Still, my problem that I was running into was finding something prior to 1961 that would list Hugh Breeding employees. My plan was to go to Oklahoma City and find a 1955 directory and hope that company names would be listed next to the names of individuals in that directory.
Then I had another idea. I discovered from some previous searching on a few employees, that 1947 and maybe 1948 might have company names listed. And from when I last went to the Baby Clayton library here in Houston I remembered that they had Tulsa City directories back before 1950. So, the other day, I jumped in the car and traveled over to the library to see what I could find. I actually called first to see what years in the 1940’s they had but the librarians there gave me a half-hearted attempt and rather than actually looking at the file cabinet, they just looked online and said they had up through 1931 and that was it. I knew that wasn’t accurate so I would go over there myself and check things out. That's how it is with some libraries: sometimes you get really good help (like at the Tennessee Start Archives) and other times, you get someone who makes helping others a low priority in the overall scheme of things.
When I got to the Baby Clayton, I immediately went to 1948’s directory for Tulsa and started sampling. But, much like 1950, there were no company names listed next to individuals that I knew worked at Hugh Breeding. So I moved on to 1947 and struck absolute gold. Sitting right there were all the company names listed next to the names of individuals. I then worked my way back five years earlier to 1942, and sure enough, I struck gold again. I then took my camera out and shot over 1600 pictures of the microfilm as it was projected on my table top. In all, it took me about 4 hours to do this. When I got home, I was very excited and wanted to relate my incredible process of discovery. However, you quickly return to earth when you realize that now you need to actually start the process of going through these photographs.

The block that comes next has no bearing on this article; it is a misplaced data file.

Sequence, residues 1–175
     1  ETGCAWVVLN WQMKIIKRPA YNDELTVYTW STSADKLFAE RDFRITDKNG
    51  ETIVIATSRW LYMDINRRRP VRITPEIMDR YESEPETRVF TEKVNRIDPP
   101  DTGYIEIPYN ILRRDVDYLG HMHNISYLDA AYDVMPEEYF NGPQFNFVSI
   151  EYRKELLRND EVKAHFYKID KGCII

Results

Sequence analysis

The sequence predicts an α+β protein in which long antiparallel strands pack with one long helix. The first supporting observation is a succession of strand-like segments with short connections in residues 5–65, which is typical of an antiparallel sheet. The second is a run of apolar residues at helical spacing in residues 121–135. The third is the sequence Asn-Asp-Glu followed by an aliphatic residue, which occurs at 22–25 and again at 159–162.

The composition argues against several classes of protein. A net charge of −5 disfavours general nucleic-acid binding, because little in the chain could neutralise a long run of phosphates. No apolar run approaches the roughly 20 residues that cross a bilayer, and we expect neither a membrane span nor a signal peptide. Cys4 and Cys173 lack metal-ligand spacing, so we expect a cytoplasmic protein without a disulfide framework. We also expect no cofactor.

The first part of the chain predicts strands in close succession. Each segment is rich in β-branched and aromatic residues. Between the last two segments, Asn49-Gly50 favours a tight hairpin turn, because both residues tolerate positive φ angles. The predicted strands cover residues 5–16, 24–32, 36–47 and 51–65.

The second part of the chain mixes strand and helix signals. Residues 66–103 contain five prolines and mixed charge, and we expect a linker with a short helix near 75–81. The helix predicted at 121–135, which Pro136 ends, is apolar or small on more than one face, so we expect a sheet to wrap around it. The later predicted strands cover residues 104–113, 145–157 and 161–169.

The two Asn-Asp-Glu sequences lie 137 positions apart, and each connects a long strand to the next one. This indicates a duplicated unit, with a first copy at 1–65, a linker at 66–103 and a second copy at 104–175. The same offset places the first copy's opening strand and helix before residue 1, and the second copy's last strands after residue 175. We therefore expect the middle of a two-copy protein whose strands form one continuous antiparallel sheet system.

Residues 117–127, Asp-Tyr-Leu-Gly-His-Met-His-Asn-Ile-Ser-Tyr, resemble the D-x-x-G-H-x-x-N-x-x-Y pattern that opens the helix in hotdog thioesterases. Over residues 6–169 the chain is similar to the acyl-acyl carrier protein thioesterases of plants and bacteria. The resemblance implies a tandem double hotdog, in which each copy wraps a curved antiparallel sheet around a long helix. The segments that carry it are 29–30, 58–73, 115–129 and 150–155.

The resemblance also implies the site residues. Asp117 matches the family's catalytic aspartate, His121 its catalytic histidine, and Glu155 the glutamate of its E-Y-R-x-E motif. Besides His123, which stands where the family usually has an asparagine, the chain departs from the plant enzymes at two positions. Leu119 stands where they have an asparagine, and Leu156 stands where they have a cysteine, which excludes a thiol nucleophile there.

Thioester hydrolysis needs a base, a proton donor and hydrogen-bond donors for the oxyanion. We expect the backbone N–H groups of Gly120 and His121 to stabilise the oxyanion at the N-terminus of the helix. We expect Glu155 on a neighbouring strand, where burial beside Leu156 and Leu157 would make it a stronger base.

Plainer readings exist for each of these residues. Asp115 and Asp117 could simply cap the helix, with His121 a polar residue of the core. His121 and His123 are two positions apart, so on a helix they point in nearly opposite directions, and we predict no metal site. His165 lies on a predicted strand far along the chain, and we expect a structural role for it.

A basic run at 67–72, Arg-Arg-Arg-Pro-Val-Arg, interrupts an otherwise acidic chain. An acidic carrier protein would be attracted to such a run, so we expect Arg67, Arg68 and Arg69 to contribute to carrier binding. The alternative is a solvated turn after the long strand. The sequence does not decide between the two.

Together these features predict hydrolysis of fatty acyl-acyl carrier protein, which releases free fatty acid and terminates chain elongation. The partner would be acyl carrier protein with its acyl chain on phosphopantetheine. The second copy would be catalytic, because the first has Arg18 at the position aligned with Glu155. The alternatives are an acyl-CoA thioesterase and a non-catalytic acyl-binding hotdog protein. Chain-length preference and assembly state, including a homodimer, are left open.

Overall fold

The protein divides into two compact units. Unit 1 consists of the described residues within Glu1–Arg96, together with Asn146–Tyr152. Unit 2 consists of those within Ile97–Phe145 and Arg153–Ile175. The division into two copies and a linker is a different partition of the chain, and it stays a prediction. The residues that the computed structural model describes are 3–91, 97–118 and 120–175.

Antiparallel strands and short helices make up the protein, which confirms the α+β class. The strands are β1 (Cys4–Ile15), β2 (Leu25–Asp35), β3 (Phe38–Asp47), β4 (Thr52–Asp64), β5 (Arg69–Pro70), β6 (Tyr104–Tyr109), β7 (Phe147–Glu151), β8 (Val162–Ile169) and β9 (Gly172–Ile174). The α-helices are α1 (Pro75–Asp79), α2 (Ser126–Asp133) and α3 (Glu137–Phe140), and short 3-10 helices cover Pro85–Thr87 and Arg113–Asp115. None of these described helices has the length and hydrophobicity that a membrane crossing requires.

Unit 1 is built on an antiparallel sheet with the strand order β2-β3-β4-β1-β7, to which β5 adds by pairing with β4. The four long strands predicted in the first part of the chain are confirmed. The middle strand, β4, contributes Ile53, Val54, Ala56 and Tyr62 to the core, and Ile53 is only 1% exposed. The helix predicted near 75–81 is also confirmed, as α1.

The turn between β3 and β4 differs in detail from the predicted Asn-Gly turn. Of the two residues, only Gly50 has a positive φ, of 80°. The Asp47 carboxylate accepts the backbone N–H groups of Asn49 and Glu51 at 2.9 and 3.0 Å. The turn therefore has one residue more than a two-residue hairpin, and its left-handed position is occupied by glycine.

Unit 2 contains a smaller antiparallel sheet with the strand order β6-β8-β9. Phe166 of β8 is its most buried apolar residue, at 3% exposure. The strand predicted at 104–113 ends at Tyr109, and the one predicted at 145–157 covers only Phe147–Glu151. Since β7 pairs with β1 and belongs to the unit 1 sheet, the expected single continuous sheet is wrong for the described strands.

I still have to find a couple more directories. Ideally, I would love to find 1953 and 1957 directories for Tulsa and that would provide me directories for about every five years the company was in existence (1942, 1947, 1953, 1957, 1961, 1966, 1972). Also, on a future trip, we’re going to try and drive through Baxter Springs, Kansas and Mt. Vernon, Missouri to see if we can find city directories for those communities which had lots of Hugh Breeding employees.
|Hugh Breeding gasoline truck |
in the early 1950's
This is all about trying to find a decent list of employees that I can then start to find obituaries on. Once you visit enough state archives and get the corresponding obituaries, you can then systematically start reaching out to employees’ families to interview them about their experience at the company. Of course, that’s part of the payoff but then you also find families who are eager to contribute not only memories but also photographs and company memorabilia. You cannot imagine the thrill of receiving a package in the mail chock full of photos, company newsletters, promotional items, etc. There's not much else like that.
But then again, it all starts with the city directories and luckily I didn’t give up.